Jim's Group Information
Group Name Type SID Attributes ================================================ ================ =========================================== ===============================================================Everyone Well-known group S-1-1-0 Mandatory group, Enabled by default, Enabled group BUILTIN\Users Alias S-1-5-32-545 Mandatory group, Enabled by default, Enabled group BUILTIN\Pre-Windows 2000 Compatible Access Alias S-1-5-32-554 Group used for deny only BUILTIN\Certificate Service DCOM Access Alias S-1-5-32-574 Mandatory group, Enabled by default, Enabled group BUILTIN\Administrators Alias S-1-5-32-544 Group used for deny only NT AUTHORITY\INTERACTIVE Well-known group S-1-5-4 Mandatory group, Enabled by default, Enabled group CONSOLE LOGON Well-known group S-1-2-1 Mandatory group, Enabled by default, Enabled group NT AUTHORITY\Authenticated Users Well-known group S-1-5-11 Mandatory group, Enabled by default, Enabled group NT AUTHORITY\This Organization Well-known group S-1-5-15 Mandatory group, Enabled by default, Enabled group LOCAL Well-known group S-1-2-0 Mandatory group, Enabled by default, Enabled group NWTRADERS\AdminDenyGroup Group S-1-5-21-379885987-58094810-1550352872-1109 Mandatory group, Enabled by default, Enabled group NWTRADERS\Enterprise Admins Group S-1-5-21-379885987-58094810-1550352872-519 Mandatory group, Enabled by default, Enabled group NWTRADERS\Denied RODC Password Replication Group Alias S-1-5-21-379885987-58094810-1550352872-572 Group used for deny only Mandatory Label\Medium Mandatory Level Label S-1-16-8192 Mandatory group, Enabled by default, Enabled group, Local Group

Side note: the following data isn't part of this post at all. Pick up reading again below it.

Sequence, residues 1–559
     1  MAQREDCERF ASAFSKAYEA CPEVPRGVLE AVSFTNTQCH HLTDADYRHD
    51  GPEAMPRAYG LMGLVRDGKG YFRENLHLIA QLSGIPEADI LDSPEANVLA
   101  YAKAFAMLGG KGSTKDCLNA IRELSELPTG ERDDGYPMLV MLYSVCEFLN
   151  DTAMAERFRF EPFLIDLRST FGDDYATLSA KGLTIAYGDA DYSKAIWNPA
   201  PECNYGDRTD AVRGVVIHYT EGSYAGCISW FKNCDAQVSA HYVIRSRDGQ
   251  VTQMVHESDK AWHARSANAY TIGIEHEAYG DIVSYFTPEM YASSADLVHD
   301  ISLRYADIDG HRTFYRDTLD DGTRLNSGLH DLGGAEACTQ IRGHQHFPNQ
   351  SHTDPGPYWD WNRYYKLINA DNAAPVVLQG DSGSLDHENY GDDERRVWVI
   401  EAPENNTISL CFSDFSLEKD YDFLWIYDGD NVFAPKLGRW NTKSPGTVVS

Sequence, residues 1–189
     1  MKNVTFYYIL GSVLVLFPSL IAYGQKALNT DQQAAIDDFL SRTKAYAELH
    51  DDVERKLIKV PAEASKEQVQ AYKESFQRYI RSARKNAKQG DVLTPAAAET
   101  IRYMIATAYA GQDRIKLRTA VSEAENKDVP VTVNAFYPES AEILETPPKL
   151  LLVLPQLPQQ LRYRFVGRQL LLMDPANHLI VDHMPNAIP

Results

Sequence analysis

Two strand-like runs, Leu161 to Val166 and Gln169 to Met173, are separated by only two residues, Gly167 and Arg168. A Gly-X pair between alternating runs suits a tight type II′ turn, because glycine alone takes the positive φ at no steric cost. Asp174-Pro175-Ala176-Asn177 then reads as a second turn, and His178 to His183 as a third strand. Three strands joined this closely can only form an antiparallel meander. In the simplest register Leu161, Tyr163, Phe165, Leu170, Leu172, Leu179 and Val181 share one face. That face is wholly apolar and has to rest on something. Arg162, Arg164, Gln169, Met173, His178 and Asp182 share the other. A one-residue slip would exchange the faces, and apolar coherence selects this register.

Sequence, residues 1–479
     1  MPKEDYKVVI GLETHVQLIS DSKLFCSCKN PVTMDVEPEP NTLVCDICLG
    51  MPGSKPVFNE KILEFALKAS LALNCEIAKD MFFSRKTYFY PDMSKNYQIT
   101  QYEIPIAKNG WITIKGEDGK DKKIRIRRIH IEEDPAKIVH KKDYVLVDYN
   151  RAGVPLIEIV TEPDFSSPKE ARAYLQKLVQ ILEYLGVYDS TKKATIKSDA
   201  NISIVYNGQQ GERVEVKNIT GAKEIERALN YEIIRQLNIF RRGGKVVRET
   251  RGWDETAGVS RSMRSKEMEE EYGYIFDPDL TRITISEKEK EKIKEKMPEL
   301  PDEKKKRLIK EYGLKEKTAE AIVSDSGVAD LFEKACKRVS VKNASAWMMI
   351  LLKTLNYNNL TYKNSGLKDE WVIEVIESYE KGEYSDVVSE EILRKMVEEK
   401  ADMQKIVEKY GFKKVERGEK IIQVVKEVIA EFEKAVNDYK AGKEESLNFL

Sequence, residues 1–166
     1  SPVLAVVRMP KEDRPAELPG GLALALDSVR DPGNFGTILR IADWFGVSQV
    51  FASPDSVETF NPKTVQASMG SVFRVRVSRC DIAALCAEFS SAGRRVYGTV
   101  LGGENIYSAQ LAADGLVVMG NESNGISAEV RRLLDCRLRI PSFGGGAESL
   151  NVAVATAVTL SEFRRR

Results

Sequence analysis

Joe's Group Information